Posh Stands By Her Man
Former Spice Girl Victoria Beckham says in Marie Claire's July issue that she has faith in her husband, English soccer star David Beckham. "I know my David's never cheated on me," she said in the interview in response to allegations Beckham had affairs with his former personal assistant and a model. The Beckhams recently announced that Victoria--still known as Posh Spice to many fans of the 1990s girl band--and their two children would move to Spain to be with David, who left Manchester United to play for Real Madrid last year. She also denied rumors she stayed with David to make money from the 'Beckham brand.' "I couldn't live a lie and it would be unfair on our children," she said. "We are working on things together, but it is absolutely not a business arrangement."
Sean Combs Didn't Expect Tony Nod for Raisin
Sean "P. Diddy" Combs, who is currently starring in the Broadway revival of Lorraine Hansberry's A Raisin in the Sun, told Reuters in a recent telephone interview he isn't bothered being the only star in the production not to get a Tony Award nomination. "I didn't expect to get nominated. That was not my motivation. I'm very realistic as a person about life and how you have to pay your dues and about the level I'm at as an actor. I have my time for awards," Combs said, adding: "There's nothing that can compare to people laughing about you for something and then every night, standing room only." Initial ticket sales for A Raisin in the Sun broke the 1,078-seat Royale Theatre record and routinely sells out.
Combs Goes From B'way To Politics
In other "P. Diddy" news, Combs told the New York Post Sunday he hopes to question President Bush and likely Democratic nominee John Kerry on his new MTV show, tentatively titled Project Change. The 34-year-old hip-hop impresario told the paper he plans to scout the streets of Harlem, Brooklyn and Detroit for "real people" to ask the questions. "The people who usually ask the candidates questions are screened, and I'm going to use real people off the streets to get their questions out there," Combs told The Post. "I'm going to make Kerry and Bush squirm." His goal is to encourage a record number of young people and minorities to vote.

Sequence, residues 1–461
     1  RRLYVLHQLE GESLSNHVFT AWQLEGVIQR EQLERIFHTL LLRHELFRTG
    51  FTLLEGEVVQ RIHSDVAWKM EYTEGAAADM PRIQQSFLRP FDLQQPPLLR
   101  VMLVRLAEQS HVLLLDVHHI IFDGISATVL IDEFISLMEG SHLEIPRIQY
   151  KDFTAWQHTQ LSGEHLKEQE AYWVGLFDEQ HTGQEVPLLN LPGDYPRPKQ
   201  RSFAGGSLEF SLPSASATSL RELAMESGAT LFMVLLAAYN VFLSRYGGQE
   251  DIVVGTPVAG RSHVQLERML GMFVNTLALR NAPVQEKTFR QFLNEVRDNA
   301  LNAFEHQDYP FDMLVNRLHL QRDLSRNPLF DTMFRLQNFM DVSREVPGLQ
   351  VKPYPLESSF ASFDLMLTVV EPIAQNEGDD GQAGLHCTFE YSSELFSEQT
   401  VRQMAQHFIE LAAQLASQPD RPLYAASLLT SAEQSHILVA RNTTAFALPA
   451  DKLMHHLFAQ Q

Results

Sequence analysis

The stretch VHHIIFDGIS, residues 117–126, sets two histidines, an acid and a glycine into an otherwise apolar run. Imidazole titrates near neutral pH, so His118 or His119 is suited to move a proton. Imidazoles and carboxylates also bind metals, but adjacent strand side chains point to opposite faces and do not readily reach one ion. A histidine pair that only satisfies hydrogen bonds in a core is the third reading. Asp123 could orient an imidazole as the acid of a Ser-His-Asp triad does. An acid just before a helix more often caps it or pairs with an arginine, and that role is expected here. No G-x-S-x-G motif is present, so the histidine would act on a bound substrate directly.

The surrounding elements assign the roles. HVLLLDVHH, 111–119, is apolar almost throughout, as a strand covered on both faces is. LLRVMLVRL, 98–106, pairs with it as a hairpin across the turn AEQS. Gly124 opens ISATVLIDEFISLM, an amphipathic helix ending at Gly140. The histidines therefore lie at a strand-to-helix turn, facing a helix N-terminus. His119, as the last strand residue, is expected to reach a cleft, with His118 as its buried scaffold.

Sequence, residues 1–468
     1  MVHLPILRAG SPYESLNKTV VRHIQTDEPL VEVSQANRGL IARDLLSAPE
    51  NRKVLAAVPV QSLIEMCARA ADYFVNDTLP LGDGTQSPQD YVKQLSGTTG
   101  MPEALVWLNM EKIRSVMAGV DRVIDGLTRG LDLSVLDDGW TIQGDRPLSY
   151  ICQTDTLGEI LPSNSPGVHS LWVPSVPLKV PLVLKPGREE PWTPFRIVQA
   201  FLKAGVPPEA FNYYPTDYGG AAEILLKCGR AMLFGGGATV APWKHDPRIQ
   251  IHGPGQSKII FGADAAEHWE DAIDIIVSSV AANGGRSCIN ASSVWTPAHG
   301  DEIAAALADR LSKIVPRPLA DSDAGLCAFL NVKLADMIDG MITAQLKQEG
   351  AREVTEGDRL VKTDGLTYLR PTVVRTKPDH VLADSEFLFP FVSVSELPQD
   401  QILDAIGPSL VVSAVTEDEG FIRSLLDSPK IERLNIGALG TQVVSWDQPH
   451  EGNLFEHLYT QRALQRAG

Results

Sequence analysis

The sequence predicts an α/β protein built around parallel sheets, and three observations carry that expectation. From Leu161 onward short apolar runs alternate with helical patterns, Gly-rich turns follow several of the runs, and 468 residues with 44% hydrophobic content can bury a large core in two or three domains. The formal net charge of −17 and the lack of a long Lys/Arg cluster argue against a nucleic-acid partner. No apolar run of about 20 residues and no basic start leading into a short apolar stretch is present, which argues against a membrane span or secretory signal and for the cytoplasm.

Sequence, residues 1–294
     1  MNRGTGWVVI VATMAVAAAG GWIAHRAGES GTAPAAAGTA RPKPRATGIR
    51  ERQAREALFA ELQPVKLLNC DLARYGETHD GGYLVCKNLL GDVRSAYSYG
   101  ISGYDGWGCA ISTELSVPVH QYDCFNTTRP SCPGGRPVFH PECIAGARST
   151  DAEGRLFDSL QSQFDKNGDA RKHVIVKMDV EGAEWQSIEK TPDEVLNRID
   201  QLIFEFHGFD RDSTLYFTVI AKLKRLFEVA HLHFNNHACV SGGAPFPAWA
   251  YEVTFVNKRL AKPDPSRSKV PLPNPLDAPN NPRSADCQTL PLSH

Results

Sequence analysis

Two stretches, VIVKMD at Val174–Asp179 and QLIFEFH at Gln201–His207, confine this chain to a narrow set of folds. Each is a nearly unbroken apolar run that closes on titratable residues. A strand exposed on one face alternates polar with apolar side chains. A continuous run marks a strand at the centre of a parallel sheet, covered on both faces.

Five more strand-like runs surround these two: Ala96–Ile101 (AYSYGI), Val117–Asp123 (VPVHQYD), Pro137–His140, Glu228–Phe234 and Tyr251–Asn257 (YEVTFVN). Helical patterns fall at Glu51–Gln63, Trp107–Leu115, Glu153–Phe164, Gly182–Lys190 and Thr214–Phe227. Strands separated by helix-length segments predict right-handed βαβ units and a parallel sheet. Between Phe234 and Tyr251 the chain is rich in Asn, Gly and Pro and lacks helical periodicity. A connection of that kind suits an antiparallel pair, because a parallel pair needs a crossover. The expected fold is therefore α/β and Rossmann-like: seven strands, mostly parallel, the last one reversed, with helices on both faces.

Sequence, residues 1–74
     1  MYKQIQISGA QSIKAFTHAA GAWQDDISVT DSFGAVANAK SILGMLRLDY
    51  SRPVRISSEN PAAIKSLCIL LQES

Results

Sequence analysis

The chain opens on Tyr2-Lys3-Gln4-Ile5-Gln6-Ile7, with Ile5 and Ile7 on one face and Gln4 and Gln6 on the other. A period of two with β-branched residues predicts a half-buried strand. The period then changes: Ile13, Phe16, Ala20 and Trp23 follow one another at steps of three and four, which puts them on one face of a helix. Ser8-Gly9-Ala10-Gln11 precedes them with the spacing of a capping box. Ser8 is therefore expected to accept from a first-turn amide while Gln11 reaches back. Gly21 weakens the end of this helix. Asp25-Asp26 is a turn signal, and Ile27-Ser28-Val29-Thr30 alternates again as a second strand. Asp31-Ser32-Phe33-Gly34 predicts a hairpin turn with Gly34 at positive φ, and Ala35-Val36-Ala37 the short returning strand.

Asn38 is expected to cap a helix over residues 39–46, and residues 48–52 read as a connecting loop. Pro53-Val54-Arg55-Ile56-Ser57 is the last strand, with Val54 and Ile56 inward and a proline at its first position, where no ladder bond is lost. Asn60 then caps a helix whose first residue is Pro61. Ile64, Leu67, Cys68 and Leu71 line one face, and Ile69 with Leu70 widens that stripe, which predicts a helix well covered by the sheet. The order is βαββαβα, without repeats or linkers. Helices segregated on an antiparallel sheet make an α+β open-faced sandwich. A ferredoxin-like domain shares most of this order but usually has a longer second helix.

Helen Hunt Has Baby Girl
Mad About You star Helen Hunt gave birth to a daughter on May 13 in Beverly Hills, Calif., Reuters reports. The baby, named MaKena lei Gordon Carnahan, is the first child for Hunt and director Matthew Carnahan. The couple began dating in 2001. The 40-year-old actress and her baby are "doing very well," her publicist said Friday.
Kirk, Anne Douglas Renew Wedding Vows
Anne and Kirk Douglas renewed their wedding vows for the second time in 50 years Sunday before 300 guests in a traditional Jewish ceremony at the Greystone Mansion in Beverly Hills, Calif., the AP reports. Guests included former First Lady Nancy Reagan, Merv Griffin, Dan Aykroyd, Lauren Bacall, Tony Curtis, Vidal Sassoon and Anjelica Huston. Family members included the Douglas' son Peter and Kirk Douglas' son, producer Joel Douglas, from his first marriage. Actors Eric and Michael Douglas were unable to attend. A publicist for Kirk Douglas said Michael Douglas was with his wife, Catherine Zeta-Jones, who is currently filming in Europe.
24 Whittles Cast for Upcoming Season
The Counter Terrorism Unit on Fox's drama 24 is getting its pink slip. Sources tell Reuters the actors who play Jack Bauer's (Kiefer Sutherland) CTU colleagues have been informed that their options as series regulars will not be picked up for the upcoming fall season. That includes Reiko Aylesworth and James Badge Dale, who play CTU members Michelle Dessler and Chase Edmunds. The two could return could return next season for guest appearances, along with Carlos Bernard, Zachary Quinto and Daniel Dae Kim, who played CTU members on a recurring basis. Elisha Cuthbert, who plays Jack's daughter and CTU analyst Kimberly Bauer, is expected to return next season.
Death Row Must Pay for Man's Injuries
Death Row Records was ordered to pay more than $162,000 to a man who said label owner Marion "Suge" Knight and his bodyguards attacked him at a recording studio in 2001, the AP reports. A Superior Court jury ruled that although Knight, who was not in the studio during the altercation, was not personally liable for the fight, Death Row Records was responsible for the actions of his security guards. Dwayne H. Baudy said he went to Con Am Studios in November of 2001 to meet an independent rap producer when he and a friend got into a confrontation with Death Row's security chief, Reginald Wright Jr. Wright said Baudy and his friend brandished guns after they were barred